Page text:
England, Britain and the British World

By Don MacRaild and Tanja Bueltmann

One of the most fascinating questions in the study of Englishness is: to what extent was Britishness simply an enlargement of Englishness? Clearly, Scots, Welsh and Irish people could and did claim to be British, they would not normally consider themselves to be English, and rarely said that they were. In our research, we find the language used by English people abroad in their St George’s societies and the like, regularly drifted from English to British and back again, as though the two were interchangeable. But whereas Britishness was an inclusive identity which was meant to incorporate as many citizens of Empire as possible, Englishness was more problematic. Perhaps the real utility of Englishness is in the core identifications which English people around the world associated with it: namely, fair play, parliamentary democracy, anti-authoritarianism, individualism, freedom and liberty. Magna Charta, the Bill of Rights, and the Glorious Revolution were all key moments which English people upheld as capturing virtues in their identity, and these were the folded into ideas of Britishness.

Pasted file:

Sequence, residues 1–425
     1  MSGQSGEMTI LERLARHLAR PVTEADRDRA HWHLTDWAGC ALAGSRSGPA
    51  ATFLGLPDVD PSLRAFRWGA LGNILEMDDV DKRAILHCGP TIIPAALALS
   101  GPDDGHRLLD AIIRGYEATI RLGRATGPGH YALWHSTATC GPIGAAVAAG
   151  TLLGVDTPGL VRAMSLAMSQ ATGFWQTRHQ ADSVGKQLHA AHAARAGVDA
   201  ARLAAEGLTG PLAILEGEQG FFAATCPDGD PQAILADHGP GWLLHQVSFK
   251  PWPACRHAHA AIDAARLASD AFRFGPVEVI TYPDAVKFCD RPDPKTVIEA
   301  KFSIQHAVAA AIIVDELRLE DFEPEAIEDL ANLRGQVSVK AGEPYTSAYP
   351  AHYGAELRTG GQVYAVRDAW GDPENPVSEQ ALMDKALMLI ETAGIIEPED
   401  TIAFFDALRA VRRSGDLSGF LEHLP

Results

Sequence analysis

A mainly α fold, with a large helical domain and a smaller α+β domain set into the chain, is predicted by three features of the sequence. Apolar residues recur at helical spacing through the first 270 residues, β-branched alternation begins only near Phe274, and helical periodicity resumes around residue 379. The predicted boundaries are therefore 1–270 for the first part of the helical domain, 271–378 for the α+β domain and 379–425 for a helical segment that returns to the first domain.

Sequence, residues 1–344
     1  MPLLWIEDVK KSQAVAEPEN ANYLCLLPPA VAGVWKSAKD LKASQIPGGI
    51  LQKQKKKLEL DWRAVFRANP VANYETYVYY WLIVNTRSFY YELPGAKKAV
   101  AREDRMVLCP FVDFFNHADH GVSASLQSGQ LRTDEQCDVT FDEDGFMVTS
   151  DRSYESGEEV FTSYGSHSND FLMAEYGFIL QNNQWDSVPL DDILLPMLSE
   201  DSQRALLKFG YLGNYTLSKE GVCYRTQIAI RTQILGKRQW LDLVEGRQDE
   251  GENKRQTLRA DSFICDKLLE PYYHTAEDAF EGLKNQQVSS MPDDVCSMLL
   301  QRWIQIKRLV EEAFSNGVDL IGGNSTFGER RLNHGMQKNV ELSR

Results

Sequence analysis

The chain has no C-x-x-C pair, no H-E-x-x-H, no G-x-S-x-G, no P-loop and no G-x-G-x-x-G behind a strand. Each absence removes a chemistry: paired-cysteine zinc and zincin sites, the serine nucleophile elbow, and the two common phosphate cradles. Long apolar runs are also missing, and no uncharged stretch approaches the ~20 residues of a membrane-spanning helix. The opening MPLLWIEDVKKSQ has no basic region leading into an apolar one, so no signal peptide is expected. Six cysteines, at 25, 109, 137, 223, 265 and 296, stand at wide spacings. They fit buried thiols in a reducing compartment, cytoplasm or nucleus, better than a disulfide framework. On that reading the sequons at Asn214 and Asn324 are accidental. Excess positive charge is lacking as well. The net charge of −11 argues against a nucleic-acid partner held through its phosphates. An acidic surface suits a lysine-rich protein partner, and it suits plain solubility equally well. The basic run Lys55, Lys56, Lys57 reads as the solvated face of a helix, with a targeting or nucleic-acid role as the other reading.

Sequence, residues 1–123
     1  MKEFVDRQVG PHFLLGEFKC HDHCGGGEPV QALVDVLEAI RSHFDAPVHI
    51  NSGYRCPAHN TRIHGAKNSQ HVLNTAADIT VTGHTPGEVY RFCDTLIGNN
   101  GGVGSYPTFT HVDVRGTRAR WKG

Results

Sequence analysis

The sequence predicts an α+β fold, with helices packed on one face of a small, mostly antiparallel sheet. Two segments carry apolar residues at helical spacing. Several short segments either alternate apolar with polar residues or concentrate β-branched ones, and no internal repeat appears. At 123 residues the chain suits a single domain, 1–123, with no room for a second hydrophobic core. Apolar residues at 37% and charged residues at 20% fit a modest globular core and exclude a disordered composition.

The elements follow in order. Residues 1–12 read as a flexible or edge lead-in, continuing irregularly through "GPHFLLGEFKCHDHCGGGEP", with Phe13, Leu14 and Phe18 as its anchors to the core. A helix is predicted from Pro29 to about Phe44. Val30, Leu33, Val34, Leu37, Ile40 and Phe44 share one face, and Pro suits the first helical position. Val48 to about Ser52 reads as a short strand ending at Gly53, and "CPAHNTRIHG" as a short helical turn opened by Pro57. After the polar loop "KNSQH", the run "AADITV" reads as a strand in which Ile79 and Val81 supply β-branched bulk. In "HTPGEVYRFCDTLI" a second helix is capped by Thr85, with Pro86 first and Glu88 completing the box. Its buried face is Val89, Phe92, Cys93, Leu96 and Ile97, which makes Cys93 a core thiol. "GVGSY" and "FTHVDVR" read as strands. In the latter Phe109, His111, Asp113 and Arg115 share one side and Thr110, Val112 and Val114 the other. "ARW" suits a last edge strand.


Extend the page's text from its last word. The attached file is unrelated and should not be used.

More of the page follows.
New York Times, 16 June 1921

Interest in the British World has grown considerably in recent times. Encompassing a cultural zone, an Anglosphere, a global shared identity beyond simply the notion of an empire, the British World engages with the cultures and identity in a broad-based way. As well as conferences, books and articles, there is also a new journal dedicated to the study of this cultural zone. Now in its fourth year, Britain and the World, published by Edinburgh University Press, will be of interest to some browsers or members of this site. Individual subscriptions are very reasonable by the standards of academic journals. Please visit the journal’s website for more details.

The British Scholar Society, which sponsors the journal, holds an annual conference. The next conference, in June 2012, will take place in Edinburgh. We hope to see some of your there. For details on the conference focus, please have a look at the Call for Papers (.pdf), or visit the Society’s website.

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